If there’s one thing I’ve noticed in almost 20 years of being around high-school athletics, it’s this: track and field is a different beast.
Yes, it takes an incredible amount of athleticism and dedication to be the best. It’s what separates the very best from the rest of the pack. But it’s also about far more than the physical aspect of it — the mental game is perhaps even more important.
It’s amazing what the human body can do when you set your mind to something. Even if your body says “no,” if your brain says “yes,” your brain often wins out. It can make the difference between winning and losing, which in track and field can be mere fractions of a second or fractions of an inch.
And when the weather’s bad, the mental game becomes even more important. It would have been easy for the sprinters in the 100-meter dash at Stansbury’s home track meet Wednesday to just throw their hands up when a strong headwind began blowing from the south just before their race started. It could have affected the outcome of the race, had the top sprinters allowed the difficult conditions to get into their heads. But, they didn’t. It was no surprise to see Stansbury’s Silas Young at the top of the leaderboard when all was said and done.
Likewise, when the wind shifted at the end of the meet and sent temperatures plummeting, the runners in the 200-meter dash could have been completely thrown off and started worrying about how cold they were instead of just running their race. Instead, two of the stars of the day in Stansbury’s Xander Littlefield and Tooele’s Makenna McCloy capped an impressive afternoon with big wins in their final races.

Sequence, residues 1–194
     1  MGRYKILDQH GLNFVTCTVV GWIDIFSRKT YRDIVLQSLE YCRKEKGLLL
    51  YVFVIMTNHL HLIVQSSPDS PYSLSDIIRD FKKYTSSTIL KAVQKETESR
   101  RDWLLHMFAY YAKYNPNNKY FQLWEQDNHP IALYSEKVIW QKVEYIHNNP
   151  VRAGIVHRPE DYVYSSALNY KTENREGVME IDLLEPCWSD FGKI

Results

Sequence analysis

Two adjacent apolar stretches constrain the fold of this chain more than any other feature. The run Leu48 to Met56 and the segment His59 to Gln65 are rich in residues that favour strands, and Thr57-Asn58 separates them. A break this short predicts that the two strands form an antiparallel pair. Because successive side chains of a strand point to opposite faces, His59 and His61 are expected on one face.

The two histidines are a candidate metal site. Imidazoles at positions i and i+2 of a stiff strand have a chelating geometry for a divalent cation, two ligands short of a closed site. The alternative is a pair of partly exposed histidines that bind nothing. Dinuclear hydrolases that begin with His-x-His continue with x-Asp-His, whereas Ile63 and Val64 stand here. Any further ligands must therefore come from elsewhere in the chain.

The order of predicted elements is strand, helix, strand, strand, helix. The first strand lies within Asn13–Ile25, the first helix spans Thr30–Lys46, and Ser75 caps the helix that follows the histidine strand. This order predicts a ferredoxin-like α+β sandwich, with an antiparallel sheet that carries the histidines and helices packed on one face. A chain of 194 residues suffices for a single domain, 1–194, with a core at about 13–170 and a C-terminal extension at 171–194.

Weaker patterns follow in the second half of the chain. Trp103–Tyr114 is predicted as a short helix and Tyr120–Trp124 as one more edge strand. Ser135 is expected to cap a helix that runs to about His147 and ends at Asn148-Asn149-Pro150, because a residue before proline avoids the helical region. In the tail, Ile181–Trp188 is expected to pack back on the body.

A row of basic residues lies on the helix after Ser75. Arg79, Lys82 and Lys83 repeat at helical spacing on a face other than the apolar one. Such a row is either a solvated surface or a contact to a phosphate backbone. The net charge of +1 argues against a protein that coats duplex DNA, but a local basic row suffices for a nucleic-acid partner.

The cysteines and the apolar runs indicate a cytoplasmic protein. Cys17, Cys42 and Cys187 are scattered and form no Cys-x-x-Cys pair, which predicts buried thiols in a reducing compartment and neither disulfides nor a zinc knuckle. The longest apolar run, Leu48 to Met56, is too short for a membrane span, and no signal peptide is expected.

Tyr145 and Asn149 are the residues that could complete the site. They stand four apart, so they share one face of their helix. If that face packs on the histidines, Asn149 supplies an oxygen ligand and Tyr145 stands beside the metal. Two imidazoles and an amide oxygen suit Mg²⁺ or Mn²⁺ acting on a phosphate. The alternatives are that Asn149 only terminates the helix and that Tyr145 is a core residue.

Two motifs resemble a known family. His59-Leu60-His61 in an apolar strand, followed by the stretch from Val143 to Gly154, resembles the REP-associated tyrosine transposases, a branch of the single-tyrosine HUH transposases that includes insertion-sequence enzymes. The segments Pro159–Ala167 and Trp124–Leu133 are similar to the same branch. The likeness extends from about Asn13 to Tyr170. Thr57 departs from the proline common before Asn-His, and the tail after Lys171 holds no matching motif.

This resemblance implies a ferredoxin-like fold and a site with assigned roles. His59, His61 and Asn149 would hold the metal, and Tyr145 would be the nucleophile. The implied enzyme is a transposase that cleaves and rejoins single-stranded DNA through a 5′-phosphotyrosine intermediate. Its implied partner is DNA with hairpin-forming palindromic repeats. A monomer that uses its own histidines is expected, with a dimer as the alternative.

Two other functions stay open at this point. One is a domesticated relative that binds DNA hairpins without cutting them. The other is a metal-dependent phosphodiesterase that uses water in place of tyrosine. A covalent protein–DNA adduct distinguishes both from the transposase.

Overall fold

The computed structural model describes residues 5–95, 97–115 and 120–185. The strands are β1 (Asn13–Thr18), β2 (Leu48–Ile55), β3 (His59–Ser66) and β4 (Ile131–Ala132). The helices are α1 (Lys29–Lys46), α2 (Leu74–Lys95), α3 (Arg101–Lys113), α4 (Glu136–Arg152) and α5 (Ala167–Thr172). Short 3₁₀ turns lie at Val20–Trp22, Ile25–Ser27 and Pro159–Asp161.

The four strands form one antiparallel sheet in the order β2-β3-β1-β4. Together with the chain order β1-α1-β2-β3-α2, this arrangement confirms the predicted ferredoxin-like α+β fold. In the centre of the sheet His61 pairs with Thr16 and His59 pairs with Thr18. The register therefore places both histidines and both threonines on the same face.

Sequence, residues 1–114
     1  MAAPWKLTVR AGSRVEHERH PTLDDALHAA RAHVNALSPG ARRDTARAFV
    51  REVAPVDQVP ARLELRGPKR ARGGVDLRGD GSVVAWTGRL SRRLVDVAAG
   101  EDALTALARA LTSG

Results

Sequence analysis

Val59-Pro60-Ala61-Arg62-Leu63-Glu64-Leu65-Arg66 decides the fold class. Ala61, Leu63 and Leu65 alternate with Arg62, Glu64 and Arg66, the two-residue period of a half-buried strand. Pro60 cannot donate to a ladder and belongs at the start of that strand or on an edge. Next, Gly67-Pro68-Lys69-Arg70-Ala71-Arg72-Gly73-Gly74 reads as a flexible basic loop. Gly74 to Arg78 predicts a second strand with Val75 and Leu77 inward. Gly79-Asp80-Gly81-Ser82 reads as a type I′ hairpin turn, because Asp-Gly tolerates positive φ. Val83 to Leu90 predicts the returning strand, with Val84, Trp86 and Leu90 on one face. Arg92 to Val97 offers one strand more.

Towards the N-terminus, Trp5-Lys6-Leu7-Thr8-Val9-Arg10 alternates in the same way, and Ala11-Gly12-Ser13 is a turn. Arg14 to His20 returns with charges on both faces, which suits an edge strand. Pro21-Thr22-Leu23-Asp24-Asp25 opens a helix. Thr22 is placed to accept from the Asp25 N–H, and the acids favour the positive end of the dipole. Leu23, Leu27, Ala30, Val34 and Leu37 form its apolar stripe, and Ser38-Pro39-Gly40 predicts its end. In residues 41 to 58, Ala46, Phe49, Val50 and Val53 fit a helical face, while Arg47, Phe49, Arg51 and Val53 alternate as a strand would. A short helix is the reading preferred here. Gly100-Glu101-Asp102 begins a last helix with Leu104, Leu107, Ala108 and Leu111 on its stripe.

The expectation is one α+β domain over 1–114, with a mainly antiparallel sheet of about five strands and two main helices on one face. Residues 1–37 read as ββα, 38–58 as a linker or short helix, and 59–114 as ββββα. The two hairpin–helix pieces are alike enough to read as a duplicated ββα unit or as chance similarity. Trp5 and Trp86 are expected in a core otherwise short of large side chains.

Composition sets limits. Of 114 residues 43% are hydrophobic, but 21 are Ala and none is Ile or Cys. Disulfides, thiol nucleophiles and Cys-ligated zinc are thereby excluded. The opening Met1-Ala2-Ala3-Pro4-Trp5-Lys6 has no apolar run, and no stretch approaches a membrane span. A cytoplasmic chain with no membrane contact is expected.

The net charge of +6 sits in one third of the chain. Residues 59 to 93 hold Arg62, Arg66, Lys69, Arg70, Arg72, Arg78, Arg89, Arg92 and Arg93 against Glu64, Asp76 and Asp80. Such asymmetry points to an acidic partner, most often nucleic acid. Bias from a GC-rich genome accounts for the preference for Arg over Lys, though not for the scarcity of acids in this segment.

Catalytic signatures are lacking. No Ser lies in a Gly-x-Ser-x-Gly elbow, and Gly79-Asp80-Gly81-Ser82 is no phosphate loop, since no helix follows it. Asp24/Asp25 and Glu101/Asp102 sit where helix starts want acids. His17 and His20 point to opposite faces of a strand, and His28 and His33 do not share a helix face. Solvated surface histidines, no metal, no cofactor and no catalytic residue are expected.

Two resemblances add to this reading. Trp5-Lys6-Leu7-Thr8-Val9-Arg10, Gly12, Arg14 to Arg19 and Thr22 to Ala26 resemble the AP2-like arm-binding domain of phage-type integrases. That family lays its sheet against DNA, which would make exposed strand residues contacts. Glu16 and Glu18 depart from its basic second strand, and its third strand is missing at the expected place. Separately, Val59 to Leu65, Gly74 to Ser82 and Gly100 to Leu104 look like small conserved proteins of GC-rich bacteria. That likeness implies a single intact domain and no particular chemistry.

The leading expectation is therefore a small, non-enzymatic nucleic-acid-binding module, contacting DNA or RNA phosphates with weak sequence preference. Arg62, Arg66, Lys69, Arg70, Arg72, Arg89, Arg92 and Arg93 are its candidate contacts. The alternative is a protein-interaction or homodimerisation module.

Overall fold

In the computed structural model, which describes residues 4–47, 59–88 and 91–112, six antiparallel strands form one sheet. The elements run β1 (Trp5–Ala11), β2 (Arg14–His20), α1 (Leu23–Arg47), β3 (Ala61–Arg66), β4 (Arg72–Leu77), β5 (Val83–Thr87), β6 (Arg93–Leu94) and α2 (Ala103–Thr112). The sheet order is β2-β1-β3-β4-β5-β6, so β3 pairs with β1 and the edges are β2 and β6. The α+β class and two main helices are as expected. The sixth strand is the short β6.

In conditions that sent most scurrying for their cars (myself included), these athletes weren’t done. It would be easy, especially early in the season, to let things they can’t control affect the way they compete. There are many more track meets to come — and many more opportunities to qualify for the state championships, so it would have been understandable if they would have decided to take it easy on Wednesday.
But that’s not how true competitors are wired. They’re going to give it their all, no matter what the situation. And that’s what separates the best from the rest.
Darren Vaughan is a veteran sports writer from Moab, Utah. He was never fast enough, let alone resilient enough, to compete in track and field. Email him at firstname.lastname@example.org.